There are two problems I have with the great reformer Martin Luther. As much as I appreciate his starting the Reformation, pointing out corruption in the Church of the time, and emphasizing salvation by grace through faith rather than works here are my disagreements with him.
- Some nasty and even paranoid things he said about the Jews. I can’t help wondering if this paved the way for the much later anti-Semite stance taken by the Lutheran Church during World War II. (That is worthy of at least one post of its own!)
- Luther almost kept the Epistle of James out of the New Testament canon. Though he reluctantly allowed it in with the rest, he called it an “Epistle of Straw.”
Come on Marty! That’s no way to talk about a part of the Bible. I would like to leave out parts of Romans that I don’t like or understand fully, but I won’t. I don’t even cut out the Song of Songs in my devotions, though my preacher smugly says that they will be having a Bible study on it for “marrieds only.”
What bothered Martin Luther was that James seems at first glance to be preaching good works as a way to get to Heaven. Of course this would bother a reformer who had been struggling with being “good enough” all his life and finally found the freedom of grace.
James gives a lot of practical advice on how we should live out our lives as Christians.
- He mentions that we should rejoice when persecuted and not blame God when tempted.
- We should obey God’s Word rather than just listening to or reading it.
- My personal favorite–don’t play favorites in Church.
- Your good deeds are proof of salvation.
- Watch what you say!
- Seek true wisdom from God.
- Submit your being to God.
- Commend your future plans to God because only He knows the future.
- Don’t be arrogant if you happen to be rich; don’t oppress the poor.
- Be patient when you suffer.
- Always pray in faith.
Was James at odds with Paul? Was he teaching that we get to Heaven because we follow the list above? Does God’s Word contradict itself or should the Epistle of James simply be cut out of the canon?
No, no and no.
I have a strange question to ask my reader. Is it your body or your soul that makes you alive? Think about it.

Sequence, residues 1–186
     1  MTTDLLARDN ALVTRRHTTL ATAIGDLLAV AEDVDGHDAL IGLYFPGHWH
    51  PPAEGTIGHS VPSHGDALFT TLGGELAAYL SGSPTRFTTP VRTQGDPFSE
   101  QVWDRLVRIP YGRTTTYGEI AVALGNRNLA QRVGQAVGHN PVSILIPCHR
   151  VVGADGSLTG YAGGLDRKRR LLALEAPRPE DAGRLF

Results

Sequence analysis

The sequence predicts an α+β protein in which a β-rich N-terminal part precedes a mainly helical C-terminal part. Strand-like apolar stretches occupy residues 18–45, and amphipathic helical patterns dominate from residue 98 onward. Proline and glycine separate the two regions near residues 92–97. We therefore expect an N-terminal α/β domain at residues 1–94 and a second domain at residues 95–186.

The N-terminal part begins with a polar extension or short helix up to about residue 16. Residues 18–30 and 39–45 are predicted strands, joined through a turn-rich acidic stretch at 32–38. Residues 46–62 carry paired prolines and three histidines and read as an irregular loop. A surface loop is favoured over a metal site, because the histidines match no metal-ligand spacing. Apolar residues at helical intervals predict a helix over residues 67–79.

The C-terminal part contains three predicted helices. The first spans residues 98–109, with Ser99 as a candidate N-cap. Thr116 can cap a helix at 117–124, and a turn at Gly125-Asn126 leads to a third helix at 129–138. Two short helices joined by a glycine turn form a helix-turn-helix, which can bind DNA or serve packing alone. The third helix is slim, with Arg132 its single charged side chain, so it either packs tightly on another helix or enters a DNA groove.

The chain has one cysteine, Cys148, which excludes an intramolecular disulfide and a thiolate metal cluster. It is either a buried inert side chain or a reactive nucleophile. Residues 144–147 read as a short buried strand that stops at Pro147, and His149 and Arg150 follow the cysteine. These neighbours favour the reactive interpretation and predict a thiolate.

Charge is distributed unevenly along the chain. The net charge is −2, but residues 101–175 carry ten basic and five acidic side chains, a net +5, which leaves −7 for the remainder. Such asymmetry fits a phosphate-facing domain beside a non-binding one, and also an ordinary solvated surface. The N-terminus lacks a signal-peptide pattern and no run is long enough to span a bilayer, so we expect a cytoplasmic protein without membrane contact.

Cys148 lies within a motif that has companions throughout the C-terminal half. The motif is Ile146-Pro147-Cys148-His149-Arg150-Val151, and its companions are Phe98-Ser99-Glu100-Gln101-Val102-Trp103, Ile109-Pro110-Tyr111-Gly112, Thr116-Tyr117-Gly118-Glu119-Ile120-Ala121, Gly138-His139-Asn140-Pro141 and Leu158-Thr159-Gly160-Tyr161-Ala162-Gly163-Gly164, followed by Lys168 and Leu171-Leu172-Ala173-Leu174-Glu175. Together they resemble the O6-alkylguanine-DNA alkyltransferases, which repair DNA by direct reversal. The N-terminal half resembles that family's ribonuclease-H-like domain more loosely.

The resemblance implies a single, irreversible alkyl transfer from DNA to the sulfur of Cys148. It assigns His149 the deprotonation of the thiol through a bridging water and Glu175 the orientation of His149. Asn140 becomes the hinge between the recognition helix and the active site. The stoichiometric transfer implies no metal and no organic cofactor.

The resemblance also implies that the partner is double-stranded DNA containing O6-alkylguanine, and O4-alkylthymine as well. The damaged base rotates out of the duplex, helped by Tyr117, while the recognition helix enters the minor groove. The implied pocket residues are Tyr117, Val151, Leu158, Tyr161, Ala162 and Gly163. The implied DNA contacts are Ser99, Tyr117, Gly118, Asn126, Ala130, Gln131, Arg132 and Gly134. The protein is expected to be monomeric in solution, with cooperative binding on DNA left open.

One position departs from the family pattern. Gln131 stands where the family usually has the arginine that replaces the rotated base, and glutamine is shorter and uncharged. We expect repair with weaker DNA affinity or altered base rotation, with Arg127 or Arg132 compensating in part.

Your soul is the true source of life. Without it, there is no real you, just a lifeless corpse that won’t last much longer as decay sets in.
But then, what are you without your body? Just a disembodied spirit.
Just as the soul needs the body to make the human being complete and to make an impression on the world around us, so our saving faith needs good works to become a complete and living faith and make an impression on the world around us. As James says, faith without works is dead!
Without faith our good deeds are a decaying corpse–a stench in the nostrils of our most high God.
Without works our faith is a mere ghost. It is the kind of thing you can even find among the demons of Hell who believe that Jesus is the Son of God–and shudder.
Life comes from faith, that is true. It animates us and saves us. Let us not forget, though, that the good works show we have true, saving faith. Without works our faith is indeed dead and no threat to the forces of Hell at all. Faith saves us; works are evidence of that faith.
Abraham’s faith led him to Mt. Moriah. Although God prevented him from killing Isaac, that three day journey and binding Isaac to the altar proved his faith. If Abraham had refused to go, his faith in God would have been worthless.
We are saved by grace, through faith, for good works. If good works aren’t evident in our lives we need to reevaluate our faith, because the fact is our faith is not evident either.
We must remember that.